Activist C.J. Pearson’s #VerifiedBullies database seeks to chronicle all the instances of journalists and other commentators attacking the Covington Catholic high school students, who were confronted by a Native American activist named Nathan Phillips at the March For Life. (RELATED: GoFundMe Launches To Help The Students).
Brilliantly, Pearson is crowdsourcing the contents of the database, and he is seeing remarkable results.
#VerifiedBullies Database is now 1800+ tweets strong,” Pearson declared late Sunday night.
Earlier in the evening, Pearson reported that “We’re getting new submissions every 30 seconds.”
Pearson plans to authenticate the accuracy of all the submissions, and then the database will be turned over to legal counsel for the Covington Catholic students.
The plight of the students, vilified in the media and facing expulsion, has galvanized Trump supporters from around the country, who have seen far too many instances of the media targeting everyday people for their pro-Trump beliefs.
The MAGA movement is committed to exposing and correcting the unfair treatment of these students, in effect announcing to the world that it is okay to wear a MAGA hat in public.
Nathan Phillips, the Native American radical activist who confronted the MAGA hat-wearing Catholic teens at the March For Life, starred in a 2012 Skrillex video called “Make It Bun Dem,” in which Phillips does some spiritual warfare connected to a violent attack on a police officer. Phillips was identified as the star of the video in his speaker bio for Tribal Hemp & Cannabis Education and discussed the role in a 2017 interview.
Nathan Phillips, the Native American man at the center of the controversy involving Covington Catholic High School students who were unfairly smeared by the media, is raising money with the help of a major big-money left-wing operation, and has a history of appearing in the press claiming to be a victim of anti-Native racism.
“[Phillips] is a Vietnam Veteran and former director of the Native Youth Alliance,” according to Heavy.
The Native Youth Alliance appears to be a standalone entity. However, the larger well-funded Native Youth Leadership Alliance — which told us that it is not associated with Phillips — is currently promoting Phillips’ fundraising campaign stemming from the incident with the Catholic teens.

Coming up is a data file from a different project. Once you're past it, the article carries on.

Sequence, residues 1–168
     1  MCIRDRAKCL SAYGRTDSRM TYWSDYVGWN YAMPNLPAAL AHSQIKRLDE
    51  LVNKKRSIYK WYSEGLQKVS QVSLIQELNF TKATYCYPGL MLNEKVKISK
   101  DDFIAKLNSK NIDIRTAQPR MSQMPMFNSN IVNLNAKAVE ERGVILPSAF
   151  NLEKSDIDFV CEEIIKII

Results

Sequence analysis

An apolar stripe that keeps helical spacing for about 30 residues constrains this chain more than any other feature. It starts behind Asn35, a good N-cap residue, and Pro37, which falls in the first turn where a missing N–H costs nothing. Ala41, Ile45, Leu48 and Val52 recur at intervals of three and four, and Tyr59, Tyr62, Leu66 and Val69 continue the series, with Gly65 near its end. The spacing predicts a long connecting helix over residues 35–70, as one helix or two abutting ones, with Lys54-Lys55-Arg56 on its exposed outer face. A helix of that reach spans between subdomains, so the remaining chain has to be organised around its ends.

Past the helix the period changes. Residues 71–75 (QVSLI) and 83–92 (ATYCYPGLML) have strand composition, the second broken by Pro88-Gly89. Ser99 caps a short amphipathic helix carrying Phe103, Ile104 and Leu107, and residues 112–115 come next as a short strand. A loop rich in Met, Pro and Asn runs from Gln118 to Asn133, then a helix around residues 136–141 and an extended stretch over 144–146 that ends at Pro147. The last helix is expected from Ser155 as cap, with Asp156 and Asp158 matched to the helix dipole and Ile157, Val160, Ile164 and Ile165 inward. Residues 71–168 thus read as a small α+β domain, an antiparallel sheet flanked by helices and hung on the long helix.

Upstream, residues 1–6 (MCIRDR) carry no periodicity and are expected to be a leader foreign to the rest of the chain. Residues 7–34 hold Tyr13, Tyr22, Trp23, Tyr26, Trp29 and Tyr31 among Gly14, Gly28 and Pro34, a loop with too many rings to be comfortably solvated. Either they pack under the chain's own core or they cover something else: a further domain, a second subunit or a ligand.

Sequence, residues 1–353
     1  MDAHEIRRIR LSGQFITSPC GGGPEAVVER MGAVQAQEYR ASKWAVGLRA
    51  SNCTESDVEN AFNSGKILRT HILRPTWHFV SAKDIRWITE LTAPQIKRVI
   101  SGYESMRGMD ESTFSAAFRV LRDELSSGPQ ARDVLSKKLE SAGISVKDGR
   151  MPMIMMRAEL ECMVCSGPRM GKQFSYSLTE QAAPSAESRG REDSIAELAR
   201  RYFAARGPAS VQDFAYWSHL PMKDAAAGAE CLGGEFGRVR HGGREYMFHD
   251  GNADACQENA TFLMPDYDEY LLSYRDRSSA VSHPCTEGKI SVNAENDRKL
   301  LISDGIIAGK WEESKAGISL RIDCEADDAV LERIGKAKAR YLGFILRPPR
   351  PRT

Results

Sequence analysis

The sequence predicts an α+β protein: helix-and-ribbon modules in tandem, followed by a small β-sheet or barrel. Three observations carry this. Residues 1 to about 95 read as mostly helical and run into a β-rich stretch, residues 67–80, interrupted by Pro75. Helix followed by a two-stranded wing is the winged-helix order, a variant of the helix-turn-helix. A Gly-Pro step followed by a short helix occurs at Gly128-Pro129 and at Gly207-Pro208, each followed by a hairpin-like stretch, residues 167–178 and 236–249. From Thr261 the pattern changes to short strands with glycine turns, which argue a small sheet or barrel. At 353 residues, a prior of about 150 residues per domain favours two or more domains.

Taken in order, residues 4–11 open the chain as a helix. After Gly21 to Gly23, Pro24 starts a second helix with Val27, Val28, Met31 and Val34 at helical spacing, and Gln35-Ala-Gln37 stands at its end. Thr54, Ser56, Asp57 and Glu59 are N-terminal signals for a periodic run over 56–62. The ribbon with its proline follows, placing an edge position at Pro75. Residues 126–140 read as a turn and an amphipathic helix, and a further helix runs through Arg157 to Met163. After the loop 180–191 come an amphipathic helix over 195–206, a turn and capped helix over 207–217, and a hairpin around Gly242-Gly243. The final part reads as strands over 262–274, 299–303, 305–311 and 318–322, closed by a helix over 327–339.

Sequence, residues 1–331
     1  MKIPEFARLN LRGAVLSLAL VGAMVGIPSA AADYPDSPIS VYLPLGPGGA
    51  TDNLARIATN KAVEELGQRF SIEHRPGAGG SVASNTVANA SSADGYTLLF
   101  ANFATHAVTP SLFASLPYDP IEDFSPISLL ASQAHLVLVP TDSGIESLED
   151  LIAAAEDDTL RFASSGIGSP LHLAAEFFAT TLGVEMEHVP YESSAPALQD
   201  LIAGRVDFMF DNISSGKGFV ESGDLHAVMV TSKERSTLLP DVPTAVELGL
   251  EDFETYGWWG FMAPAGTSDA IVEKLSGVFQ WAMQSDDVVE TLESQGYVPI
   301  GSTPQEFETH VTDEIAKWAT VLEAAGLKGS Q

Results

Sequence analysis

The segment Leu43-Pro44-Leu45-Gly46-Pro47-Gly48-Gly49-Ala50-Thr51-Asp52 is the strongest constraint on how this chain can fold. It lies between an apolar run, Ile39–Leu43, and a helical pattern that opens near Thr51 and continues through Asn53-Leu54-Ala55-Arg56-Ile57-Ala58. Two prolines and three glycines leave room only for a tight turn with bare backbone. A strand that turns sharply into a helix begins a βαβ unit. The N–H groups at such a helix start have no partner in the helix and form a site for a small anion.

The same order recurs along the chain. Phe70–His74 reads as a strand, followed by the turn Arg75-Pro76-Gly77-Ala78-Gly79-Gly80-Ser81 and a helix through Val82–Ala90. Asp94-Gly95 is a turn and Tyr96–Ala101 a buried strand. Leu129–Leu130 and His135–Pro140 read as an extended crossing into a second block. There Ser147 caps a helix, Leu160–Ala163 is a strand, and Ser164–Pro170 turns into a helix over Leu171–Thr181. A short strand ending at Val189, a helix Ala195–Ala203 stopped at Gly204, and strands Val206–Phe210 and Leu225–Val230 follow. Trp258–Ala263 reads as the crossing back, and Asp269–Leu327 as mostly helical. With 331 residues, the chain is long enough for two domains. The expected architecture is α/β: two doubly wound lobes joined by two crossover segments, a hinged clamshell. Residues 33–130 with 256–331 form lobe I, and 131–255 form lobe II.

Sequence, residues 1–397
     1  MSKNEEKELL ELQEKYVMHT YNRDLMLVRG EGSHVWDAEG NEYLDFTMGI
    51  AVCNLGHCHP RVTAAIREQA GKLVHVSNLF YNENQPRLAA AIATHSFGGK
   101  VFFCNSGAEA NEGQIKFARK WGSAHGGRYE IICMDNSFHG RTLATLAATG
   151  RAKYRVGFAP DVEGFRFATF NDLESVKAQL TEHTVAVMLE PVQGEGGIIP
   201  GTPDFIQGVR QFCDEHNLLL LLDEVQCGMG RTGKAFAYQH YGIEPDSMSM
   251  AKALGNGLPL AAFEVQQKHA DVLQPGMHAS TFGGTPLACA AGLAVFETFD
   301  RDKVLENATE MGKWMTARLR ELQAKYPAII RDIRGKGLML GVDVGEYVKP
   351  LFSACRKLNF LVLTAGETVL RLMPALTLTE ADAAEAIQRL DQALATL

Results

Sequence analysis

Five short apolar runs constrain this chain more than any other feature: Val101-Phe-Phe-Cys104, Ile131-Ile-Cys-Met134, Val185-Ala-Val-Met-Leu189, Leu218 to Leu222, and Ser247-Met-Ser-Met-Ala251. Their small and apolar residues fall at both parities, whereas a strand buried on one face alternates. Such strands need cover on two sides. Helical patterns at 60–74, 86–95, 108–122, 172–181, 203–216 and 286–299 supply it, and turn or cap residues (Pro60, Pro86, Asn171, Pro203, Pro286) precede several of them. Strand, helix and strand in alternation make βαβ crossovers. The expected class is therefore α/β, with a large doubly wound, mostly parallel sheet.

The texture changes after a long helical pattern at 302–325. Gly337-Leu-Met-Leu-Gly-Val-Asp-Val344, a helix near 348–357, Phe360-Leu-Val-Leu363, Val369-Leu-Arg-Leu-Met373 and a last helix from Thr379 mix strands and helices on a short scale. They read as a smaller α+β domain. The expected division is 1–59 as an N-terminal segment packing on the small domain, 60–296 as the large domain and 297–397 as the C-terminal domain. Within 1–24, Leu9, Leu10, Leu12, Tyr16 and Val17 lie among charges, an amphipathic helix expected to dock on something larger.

The Native Youth Leadership Alliance (NYLA) is a non-profit organization that is funded by the same far-left power players who are often involved in bankrolling leftist causes. The organization’s funding partners include the Bill and Melinda Gates Foundation, the Rockefeller Brothers Fund, and the Social Justice Fund Northwest.
The homepage for the NYLA is promoting Phillips’ fundraising campaign.
The point is this: Phillips is not simply a random Native man who was accosted by “racist” MAGA-hat wearing teens, as the mainstream press has reported. He is connected to leftist activists who donate large sums to leftist causes. And now, he is personally fundraising off the mainstream press’ misdeeds.
Given that the full, unedited video of the interaction between Phillips and the students shows that Phillips clearly approached the students, and given that he is connected to left-wing social justice causes, one could conclude that he targeted the teenagers for their support of President Donald J. Trump. Yet the mainstream press narrative is exactly the opposite – that the boys targeted Phillips.
Additionally, this is not the first time that Phillips has been at the center of controversy involving alleged racism against the Native Population. In 2015, Phillips claimed that he was “bombarded by racial slurs” by students at Eastern Michigan University.
An Ypsilanti man says he was trying to teach a few students dressed in American Indian theme party about respecting Native Americans.
Not long afterward, Nathan Phillips said that an interaction with party-goers and students turned ugly.
Nathan Phillips says he was out for a noon walk on a Saturday in mid-April
He walked by a home where he saw Eastern Michigan University students dressed as Native Americans.
“They had little feathers on, I was just going to walk by,” Phillips said. “A group of them said ‘Come on over, come here.’”
He says he walked over to the fence and saw roughly 30 to 40 students involved in a theme party.
“They had their face painted,” Phillips said. “I said what the heck is going on here. ‘Oh we are honoring you.’ I said no you are not honoring me.”
It was a statement he says they took offense to.
“Then started whooping and hollering,” he said. “I said that wasn’t honoring, that was racist. Then at that time, it really got ugly.”
Phillips says he was bombarded with racial slurs.
“(They said) ‘Go back to the reservation, you blank indian,’” he said.
One student, he says, threw a beer can at him.
“If I would have stayed where I was at, it would have hit me in the head,” he said. “I backed up and it hit me in the chest.”
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